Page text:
Sabrina Bryant, a housing counselor at NCALL who worked with the Hertels to guide them through their forbearance process, agrees, explaining that people aren’t aware that at the end of the three months, unless the homeowner asks for an extension or applies for a modification, servicers will either want to be repaid in full or will present a repayment plan.
“With the forbearances ending, the client is now facing a ‘pay in full to bring current’ [demand], which, for most, is not possible if they have been out of work or have had reduced hours due to COVID,” says Bryant. “From my understanding, if they call the mortgage company, there is a possibility of getting back on a forbearance [but] each lender is different.”
One of Bryant’s clients who was on a three-month forbearance was told that she had to pay the three months back payment immediately. Since the client had just returned to work, making that payment meant she had to forgo making her car payment, putting her car at risk for repossession.
A lack of communication from homeowners who don’t know they need to be proactive is also a problem.
“A lot of consumers have really dropped the ball with staying in contact with the servicer, which is a little concerning,” says Akinbowale.
Bryant says some lenders have told her that if they can’t get in contact with the customer, they will automatically give customers another three months of forbearance. If lenders can get in contact with homeowners, then they will ask first.
Automatic extensions are not always welcome. “A couple of my clients were like, ‘I went back to work, I really didn’t want it,’” recalls Bryant. “Then they had to call to be taken off forbearance and it still wasn’t decided if they would have to pay the balloon payment or is it going to be on the back end.”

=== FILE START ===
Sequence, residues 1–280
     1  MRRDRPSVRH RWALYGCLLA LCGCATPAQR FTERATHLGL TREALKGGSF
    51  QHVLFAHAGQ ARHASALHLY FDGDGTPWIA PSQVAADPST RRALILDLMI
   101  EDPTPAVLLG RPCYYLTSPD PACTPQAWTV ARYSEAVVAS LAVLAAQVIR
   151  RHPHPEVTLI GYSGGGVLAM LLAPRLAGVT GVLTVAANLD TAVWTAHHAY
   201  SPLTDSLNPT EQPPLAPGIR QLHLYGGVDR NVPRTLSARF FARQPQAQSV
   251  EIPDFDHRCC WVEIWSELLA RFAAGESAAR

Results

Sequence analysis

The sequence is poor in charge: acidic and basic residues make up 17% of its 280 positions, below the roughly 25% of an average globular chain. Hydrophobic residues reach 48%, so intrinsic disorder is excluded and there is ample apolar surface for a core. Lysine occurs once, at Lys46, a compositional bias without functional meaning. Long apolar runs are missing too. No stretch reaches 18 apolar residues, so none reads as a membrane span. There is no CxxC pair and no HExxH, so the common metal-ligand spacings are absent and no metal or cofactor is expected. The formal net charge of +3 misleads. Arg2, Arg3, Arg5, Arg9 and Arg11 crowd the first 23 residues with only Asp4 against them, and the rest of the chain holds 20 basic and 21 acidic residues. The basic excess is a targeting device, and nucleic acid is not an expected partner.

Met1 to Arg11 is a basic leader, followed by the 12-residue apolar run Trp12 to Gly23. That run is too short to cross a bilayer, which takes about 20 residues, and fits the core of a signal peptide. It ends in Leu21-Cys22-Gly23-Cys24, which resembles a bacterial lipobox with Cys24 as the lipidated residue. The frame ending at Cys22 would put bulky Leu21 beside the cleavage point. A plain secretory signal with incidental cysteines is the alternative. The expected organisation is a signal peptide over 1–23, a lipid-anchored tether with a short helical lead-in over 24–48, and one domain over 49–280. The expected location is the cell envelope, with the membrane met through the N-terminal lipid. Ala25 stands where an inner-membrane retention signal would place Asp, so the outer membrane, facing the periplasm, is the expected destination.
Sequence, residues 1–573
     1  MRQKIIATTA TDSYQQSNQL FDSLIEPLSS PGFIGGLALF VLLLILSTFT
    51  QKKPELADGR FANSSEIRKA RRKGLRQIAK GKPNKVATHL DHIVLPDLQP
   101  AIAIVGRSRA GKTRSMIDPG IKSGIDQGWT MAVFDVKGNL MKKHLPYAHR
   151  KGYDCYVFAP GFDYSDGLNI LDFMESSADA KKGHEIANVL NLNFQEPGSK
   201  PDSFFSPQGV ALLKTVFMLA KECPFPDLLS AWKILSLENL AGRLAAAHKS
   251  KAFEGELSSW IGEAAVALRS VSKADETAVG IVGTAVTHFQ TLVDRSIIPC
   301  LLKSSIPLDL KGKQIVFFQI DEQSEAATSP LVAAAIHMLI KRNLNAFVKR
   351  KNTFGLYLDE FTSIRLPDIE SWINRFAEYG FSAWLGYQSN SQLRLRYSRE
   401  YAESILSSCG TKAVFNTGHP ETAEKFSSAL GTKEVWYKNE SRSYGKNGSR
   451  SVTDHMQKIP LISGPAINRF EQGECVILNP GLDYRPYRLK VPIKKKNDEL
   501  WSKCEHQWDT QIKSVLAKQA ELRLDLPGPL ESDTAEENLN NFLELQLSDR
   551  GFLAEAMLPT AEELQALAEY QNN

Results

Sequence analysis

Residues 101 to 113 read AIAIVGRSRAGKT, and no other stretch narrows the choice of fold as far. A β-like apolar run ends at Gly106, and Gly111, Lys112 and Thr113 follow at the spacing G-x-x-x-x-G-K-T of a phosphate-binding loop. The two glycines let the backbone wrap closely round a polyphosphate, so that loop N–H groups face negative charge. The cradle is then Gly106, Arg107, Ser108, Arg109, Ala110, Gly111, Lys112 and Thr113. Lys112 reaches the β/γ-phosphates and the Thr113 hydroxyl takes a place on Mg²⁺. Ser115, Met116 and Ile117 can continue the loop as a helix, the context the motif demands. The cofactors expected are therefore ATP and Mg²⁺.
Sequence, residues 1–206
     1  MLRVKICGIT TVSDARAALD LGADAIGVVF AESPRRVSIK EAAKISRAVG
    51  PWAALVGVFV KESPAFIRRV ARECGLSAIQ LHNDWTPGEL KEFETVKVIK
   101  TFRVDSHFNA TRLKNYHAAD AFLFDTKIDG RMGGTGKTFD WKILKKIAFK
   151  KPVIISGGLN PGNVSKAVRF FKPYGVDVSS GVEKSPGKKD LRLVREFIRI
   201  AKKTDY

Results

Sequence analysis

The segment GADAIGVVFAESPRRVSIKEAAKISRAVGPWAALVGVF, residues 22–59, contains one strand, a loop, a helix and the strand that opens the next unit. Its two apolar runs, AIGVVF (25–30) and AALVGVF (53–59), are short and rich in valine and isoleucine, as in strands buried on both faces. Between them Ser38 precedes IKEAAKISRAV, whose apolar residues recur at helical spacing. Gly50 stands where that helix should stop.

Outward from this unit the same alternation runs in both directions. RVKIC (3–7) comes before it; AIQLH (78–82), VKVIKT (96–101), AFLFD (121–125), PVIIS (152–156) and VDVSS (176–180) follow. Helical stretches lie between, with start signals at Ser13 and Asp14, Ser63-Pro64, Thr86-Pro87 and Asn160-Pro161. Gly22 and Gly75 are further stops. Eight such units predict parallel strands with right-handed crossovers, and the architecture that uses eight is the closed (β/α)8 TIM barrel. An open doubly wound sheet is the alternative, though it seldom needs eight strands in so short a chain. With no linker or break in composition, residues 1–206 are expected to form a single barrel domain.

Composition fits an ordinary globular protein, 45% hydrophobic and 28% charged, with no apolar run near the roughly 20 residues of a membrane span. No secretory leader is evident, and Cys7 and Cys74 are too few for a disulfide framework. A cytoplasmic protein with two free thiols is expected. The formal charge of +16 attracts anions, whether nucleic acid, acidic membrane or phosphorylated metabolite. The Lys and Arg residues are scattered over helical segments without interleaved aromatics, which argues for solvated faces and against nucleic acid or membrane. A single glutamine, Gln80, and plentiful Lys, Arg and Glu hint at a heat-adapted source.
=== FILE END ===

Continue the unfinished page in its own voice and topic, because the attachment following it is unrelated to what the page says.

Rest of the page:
Others, of course, have had their forbearances end when they would have wanted them extended.
End of Term
There is a downside to having the forbearance process streamlined upfront, Akinbowale says: it means that homeowners have not formed a relationship with a housing counselor who can guide them through the much more difficult part of exiting the forbearance agreements.
“When it’s time to come out of the forbearance, this is where your contact with the housing counselor is going to be critically important,” she says. “It is at the end of the forbearance term when a homeowner is in the greatest need for an advocate.”
There are several options that lenders can offer to homeowners to make up their missed payments, but to get the best one for their situation, homeowners or their advocates need to actively negotiate before the end of their forbearance period. One is a regular repayment plan where the homeowner can pay more than their regular mortgage payment for a few months until the missed payments have been made up. There’s a deferral or partial claim, which can either move missed payments to the end of the loan (this is technically a kind of modification) or put them into a junior lien to be repaid when the homeowner refinances, sells, or terminates the mortgage. Homeowners can ask for a modification whereby their payment can be reduced to an affordable amount and the missed payments will be added to the amount owed. Though the monthly payment will be lower, it will take longer to pay off the loan. A plan that at least moves the missed payments to the end of the loan is considered the best approach for housing stability and foreclosure prevention.
For homeowners who have a Fannie Mae–owned loan, their website offers a tool that allows them to verify what type of mortgage loan they have and what repayment options they are eligible for.